??!!

I think it was a joke, but I’m not entirely sure.  Or if she knew it was a joke.

I also remember him complaining to me privately about her jealousy over women friends, at various times over the years.  He complained to me about her jealousy over another friend when she first moved into my house.

But while sitting on the couch with both of us, he’d tell her the jealousy was sexy, a compliment.  Meanwhile, she drove me crazy with her jealousy toward me in my house.

He complained to me about her being mean, then in front of her would tell the kids that he married her because she’s mean.

Individually these things may not seem like much, but taken all together, they become a big picture of control and manipulation, playing people off each other to gratify his ego.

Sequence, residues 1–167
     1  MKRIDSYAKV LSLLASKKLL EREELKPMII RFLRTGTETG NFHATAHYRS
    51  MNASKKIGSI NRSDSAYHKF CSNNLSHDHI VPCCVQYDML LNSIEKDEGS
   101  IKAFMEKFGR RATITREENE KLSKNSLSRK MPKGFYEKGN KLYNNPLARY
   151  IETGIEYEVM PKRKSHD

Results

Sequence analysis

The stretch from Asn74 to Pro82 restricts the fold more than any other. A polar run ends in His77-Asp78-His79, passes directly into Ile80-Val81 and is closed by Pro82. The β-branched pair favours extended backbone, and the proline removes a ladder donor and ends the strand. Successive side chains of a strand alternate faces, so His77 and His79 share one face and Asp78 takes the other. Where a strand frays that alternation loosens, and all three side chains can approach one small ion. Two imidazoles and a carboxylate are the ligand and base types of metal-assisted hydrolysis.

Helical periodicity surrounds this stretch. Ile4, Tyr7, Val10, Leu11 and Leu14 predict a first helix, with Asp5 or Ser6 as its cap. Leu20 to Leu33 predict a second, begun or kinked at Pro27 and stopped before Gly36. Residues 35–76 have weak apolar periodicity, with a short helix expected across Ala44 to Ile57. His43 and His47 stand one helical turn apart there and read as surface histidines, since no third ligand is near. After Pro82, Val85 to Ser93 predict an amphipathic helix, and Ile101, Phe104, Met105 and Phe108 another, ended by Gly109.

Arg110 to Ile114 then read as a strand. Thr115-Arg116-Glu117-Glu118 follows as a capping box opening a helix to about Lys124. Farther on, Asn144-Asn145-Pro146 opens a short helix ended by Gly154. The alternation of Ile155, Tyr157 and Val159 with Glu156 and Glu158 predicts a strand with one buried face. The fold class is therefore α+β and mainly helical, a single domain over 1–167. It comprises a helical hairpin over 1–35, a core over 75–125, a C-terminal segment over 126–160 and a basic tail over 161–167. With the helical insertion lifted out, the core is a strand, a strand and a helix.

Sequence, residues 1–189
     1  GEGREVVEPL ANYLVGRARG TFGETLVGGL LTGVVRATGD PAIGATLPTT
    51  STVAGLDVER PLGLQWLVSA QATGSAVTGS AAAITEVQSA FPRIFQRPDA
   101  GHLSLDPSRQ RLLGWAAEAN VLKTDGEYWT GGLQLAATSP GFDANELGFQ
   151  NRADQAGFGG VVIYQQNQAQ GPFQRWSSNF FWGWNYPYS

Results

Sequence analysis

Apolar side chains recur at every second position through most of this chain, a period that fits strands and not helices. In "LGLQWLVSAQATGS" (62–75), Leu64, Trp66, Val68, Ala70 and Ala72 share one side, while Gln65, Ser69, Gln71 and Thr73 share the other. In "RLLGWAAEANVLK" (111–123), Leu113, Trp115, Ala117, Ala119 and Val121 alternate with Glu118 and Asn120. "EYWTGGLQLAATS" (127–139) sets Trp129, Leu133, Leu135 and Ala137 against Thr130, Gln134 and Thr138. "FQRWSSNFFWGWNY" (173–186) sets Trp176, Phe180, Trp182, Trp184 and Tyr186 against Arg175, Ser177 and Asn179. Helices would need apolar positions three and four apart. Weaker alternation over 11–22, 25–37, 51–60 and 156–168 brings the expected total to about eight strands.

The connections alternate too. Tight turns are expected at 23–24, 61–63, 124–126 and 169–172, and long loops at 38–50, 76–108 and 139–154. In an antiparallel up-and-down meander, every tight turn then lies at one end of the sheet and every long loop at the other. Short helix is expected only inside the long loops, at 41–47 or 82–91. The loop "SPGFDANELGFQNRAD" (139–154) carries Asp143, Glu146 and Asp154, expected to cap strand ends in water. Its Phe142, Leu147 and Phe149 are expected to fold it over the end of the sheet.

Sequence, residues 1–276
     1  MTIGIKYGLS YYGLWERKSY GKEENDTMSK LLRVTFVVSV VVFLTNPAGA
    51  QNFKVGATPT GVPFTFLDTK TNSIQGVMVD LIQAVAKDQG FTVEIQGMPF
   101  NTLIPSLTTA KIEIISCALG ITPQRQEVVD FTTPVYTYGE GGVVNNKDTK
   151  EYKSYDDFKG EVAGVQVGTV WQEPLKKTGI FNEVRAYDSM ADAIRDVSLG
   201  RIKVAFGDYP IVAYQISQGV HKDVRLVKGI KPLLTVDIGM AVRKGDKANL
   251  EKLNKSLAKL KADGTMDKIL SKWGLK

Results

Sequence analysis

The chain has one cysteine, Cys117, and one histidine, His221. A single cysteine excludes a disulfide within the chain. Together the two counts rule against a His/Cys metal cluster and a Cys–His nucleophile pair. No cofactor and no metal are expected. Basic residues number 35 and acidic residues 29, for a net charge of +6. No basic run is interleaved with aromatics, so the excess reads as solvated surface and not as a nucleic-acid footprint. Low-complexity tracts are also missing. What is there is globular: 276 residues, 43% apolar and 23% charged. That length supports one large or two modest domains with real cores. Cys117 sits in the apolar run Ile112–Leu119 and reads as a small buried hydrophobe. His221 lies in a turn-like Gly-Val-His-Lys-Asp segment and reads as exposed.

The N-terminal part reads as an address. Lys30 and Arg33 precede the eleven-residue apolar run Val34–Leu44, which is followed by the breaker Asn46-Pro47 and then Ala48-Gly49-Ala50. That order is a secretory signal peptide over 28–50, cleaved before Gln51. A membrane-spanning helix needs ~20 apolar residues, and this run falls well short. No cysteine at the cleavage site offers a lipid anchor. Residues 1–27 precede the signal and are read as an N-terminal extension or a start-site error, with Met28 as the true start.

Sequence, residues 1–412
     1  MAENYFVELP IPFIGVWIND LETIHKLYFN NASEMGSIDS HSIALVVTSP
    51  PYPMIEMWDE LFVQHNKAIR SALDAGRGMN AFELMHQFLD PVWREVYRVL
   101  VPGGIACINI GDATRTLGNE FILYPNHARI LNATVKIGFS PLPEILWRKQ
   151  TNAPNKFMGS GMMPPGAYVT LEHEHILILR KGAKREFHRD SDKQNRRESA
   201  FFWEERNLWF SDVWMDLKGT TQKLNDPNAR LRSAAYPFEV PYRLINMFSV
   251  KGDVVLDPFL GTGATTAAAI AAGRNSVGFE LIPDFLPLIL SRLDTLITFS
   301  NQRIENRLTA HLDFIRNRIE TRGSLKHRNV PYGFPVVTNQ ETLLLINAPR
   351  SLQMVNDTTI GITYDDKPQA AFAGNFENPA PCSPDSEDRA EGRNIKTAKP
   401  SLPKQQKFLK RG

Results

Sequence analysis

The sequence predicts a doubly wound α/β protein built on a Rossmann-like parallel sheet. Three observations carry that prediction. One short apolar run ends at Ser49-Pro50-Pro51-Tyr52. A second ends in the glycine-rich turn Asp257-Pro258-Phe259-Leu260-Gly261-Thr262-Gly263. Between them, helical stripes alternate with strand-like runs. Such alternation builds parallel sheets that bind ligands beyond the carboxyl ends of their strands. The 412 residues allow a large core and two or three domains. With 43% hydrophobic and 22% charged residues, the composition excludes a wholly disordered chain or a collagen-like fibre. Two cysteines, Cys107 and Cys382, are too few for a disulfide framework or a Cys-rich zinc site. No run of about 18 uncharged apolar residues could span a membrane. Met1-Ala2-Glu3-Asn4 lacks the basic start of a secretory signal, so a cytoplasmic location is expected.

Table of Contents 

1. Introduction

2. We share a house 

3. Tracy’s abuse turns on me 

4. More details about Tracy’s abuse of her husband and children 

5. My frustrations mount 

6. Sexual Harassment from some of Richard’s friends

7. Without warning or explanation, tensions build

 
8. The Incident

9. The fallout; a second chance?

10. Grief 

11. Struggle to regain normalcy

12. Musings on how Christians should treat each other

13. Conclusion 

13b. Thinking of celebrating the first anniversary

14. Updates on Richard’s Criminal Charges 

Sequel to this Story: Fighting the Darkness: Journey from Despair to Healing